This method allows infinite versatility, and allows the players to build their houses in such a way so that they can plant flowers, trees, possibly building farms, etc. Some other code can be reused as well, such as the growing plants for example, and planting seeds wich will end up in mature plants.

After much thought and talking to Learner, we decided to go for the BM code, and merge it with EL. This is really a lot of work, possible a few months. It will require having two map formats, on the client and on the server. One format for the static maps, one for the dynamic maps.
The already existing maps will not be dynamic, but there will be a few new maps where players will be able to buy land for a house and a farm.

Like I said, this will take a lot of time, so if everything goes fine, they might be available in the fall, maybe November or so. A lot of testing will be required.
But when this is done, EL will be a much more interesting game.

04 June 2006

The update tests, phase 2

Right now, we have reached the second phase of the update test.
The first phase was releasing the new maps and monsters, so that people can test them on the test server. There were many map related bugs, which most were fixed.

This current phase focuses on finding the remaining map bugs, and possibly testing the repair NPC.
Once those bugs are detected and fixed, we'll start phase 3, where the new weapons and armor will have a real price (right now they are cheap so that people can buy and test them). Phase 3 (or maybe 4) will also include another new ore, the Wolfram (Tungsten), which is one of the heaviest elements ever. It will be used mainly for the new swords, and a Wolfram bar will require a steel bar, some Wolfram ore, and one or more binding stones (the number will be decided soon). So the bar will technically not be Wofram, but a Steel/Wolfram alloy.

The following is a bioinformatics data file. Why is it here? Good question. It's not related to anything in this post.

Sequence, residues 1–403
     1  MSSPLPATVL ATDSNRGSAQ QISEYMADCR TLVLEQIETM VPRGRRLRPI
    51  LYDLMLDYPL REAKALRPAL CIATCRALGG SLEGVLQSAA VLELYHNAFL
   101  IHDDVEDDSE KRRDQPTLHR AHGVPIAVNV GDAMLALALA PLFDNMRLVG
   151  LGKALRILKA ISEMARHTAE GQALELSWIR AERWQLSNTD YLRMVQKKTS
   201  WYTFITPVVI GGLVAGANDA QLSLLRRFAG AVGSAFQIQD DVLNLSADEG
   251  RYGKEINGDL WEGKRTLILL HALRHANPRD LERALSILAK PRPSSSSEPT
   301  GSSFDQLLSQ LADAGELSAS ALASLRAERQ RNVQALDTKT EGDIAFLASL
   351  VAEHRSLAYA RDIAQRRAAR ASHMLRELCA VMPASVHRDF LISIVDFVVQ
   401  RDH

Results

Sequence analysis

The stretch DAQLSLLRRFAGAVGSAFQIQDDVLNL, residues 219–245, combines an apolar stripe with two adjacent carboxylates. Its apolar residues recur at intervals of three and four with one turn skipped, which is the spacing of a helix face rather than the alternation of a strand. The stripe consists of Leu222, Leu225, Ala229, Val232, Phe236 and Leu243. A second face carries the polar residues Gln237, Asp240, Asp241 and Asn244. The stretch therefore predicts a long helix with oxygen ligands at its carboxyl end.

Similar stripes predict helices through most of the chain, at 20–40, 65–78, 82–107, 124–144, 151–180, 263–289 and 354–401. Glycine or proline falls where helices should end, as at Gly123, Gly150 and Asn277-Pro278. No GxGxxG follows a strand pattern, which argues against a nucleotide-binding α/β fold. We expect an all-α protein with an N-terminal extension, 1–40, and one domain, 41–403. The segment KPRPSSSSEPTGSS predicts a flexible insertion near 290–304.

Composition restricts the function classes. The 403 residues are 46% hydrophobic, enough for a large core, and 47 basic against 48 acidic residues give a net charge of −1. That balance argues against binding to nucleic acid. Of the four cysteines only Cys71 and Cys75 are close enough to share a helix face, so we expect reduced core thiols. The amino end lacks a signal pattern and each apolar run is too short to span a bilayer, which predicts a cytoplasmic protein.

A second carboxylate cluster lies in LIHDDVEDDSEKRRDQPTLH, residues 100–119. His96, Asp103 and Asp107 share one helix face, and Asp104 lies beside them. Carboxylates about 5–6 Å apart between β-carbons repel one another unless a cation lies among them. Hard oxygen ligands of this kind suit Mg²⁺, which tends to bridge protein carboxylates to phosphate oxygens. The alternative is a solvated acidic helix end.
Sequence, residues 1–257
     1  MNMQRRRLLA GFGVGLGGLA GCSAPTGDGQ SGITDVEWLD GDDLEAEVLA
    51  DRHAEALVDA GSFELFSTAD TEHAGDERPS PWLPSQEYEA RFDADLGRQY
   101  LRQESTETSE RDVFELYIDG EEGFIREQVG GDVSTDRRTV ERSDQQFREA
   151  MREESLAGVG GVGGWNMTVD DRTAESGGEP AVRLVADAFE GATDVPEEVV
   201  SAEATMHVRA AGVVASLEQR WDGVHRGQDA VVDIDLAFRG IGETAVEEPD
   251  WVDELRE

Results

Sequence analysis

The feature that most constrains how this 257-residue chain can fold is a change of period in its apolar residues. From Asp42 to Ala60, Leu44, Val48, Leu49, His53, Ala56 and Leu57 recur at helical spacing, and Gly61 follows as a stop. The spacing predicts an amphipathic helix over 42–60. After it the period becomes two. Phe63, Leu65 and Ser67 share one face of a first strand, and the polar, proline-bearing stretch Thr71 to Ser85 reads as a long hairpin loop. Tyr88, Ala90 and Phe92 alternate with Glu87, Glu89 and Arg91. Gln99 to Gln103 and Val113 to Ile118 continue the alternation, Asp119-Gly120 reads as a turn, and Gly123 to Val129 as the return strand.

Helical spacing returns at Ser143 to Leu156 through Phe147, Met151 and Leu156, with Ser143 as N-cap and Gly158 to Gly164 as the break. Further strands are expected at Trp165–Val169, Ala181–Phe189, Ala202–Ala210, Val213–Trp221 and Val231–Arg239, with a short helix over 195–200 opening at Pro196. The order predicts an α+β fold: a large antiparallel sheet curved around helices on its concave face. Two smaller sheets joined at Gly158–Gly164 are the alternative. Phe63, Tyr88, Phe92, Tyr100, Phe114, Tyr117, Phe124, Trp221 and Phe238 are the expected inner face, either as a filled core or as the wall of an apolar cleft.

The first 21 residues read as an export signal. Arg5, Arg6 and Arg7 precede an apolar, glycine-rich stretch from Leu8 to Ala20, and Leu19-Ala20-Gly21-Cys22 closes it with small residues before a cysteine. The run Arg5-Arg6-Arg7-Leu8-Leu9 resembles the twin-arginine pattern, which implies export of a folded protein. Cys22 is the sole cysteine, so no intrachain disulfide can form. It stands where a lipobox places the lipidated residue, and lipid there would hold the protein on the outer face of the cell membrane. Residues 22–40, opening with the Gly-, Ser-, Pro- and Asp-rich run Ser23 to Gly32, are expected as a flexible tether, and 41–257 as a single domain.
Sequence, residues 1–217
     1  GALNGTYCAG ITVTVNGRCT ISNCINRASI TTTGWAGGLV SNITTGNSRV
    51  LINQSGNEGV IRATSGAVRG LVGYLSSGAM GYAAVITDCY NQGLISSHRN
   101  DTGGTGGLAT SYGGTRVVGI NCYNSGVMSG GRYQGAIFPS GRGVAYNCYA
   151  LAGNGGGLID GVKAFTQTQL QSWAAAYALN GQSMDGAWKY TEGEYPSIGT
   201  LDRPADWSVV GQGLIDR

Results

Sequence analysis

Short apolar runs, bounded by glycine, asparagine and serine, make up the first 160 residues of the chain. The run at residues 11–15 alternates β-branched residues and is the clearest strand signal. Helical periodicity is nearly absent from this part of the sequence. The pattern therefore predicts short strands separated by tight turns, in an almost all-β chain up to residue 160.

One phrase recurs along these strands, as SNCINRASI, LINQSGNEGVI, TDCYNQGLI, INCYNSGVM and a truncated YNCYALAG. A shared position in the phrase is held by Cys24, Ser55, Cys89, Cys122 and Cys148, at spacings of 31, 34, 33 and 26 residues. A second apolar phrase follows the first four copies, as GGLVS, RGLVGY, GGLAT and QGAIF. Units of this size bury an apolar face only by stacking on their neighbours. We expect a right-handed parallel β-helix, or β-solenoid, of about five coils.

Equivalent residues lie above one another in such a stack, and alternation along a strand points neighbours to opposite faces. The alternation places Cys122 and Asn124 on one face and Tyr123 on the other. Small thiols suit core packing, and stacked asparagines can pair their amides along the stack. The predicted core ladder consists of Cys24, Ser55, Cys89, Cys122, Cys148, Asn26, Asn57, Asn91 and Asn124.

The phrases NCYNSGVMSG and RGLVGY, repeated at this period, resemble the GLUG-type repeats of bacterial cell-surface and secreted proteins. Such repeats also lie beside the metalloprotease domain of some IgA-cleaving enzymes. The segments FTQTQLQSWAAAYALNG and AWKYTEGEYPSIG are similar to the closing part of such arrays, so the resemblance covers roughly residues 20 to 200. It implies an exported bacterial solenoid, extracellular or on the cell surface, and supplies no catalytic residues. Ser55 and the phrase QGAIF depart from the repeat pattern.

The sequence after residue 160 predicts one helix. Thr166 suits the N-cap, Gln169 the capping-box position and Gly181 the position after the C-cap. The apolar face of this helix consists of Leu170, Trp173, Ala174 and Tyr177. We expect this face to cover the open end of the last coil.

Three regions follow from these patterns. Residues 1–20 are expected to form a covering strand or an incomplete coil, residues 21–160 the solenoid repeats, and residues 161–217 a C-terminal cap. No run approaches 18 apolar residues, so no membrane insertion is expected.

The 4th phase will be actually a release candidate, which is expected to have no bugs. If there are no client side bugs indeed, for a week, then it will become the actual update package. If not, those bugs will be fixed as well, and another release candidate will be.. released.

Right now, it takes about a month of testings to prepare for an update. I remmeber that 2 years ago, we updated and then tested, and many times we didn't even do a full backup. Of course, at that time we didn't have that many players, and the updates were usually much smaller than now. Nevertheless, we had many problems when we updated the lazy way, so for about 2 years we actually test the updates on the test server.

02 June 2006

Power outage

We had a sunner storm today, and at 2 pm the electricity was out, only to be restored at 11:30 AM. Very annoying, I couldn't do anything but read at the light of a fluorescent 'lamp' (actually, a small fluorescent tube connected to an inverter, connected in turn to a 12V battery).
Since we couldn't cook anything, we went out to eat, there is a Greek food festival in Scranton, so we went there to see how their food is.
I must say that I am pretty impressed, I wish they had a Greek restaurant around here.

Other than that, in the last few days we had some minor problems with EL.
The biggest problem was that we started to offer 'size changes', where someone would pay 10 USD to have his or her size adjusted by 10%. A maximum of 30% limit was in place, to prevent awkward looking characters.
Learner was in charge of those changes, and the sales went well, a lot of people were interested in buying the new sizes.
The problem was, however, that we didn't realize that 30% is a little bit too much.
So now we placed the limit to 5%, and the players who got a size over than percent have been reimbursed.

The first pre update preliminary test has revealed a lot of problems with the maps, so poor Roja has to fix a lot of problems. Meanwhile, I am working a little at the summoning stones, and at a 'repairer' NPC, which will repair some of the new items.